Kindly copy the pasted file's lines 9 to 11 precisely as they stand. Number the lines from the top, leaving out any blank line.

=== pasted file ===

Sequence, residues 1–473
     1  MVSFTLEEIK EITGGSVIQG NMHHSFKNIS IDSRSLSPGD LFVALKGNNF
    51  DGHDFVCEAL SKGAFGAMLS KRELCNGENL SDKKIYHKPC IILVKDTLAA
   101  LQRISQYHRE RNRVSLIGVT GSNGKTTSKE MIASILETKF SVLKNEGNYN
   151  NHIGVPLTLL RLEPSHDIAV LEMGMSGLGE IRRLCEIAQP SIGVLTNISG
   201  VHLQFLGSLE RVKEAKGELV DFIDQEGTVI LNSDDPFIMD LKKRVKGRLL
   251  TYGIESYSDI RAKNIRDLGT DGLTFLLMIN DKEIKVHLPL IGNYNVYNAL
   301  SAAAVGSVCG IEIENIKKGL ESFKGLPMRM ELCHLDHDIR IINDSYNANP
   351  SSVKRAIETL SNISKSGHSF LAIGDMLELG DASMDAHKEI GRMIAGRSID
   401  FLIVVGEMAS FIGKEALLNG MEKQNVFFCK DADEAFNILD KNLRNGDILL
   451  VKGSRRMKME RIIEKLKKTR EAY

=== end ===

   351  SSVKRAIETL SNISKSGHSF LAIGDMLELG DASMDAHKEI GRMIAGRSID
   401  FLIVVGEMAS FIGKEALLNG MEKQNVFFCK DADEAFNILD KNLRNGDILL
   451  VKGSRRMKME RIIEKLKKTR EAY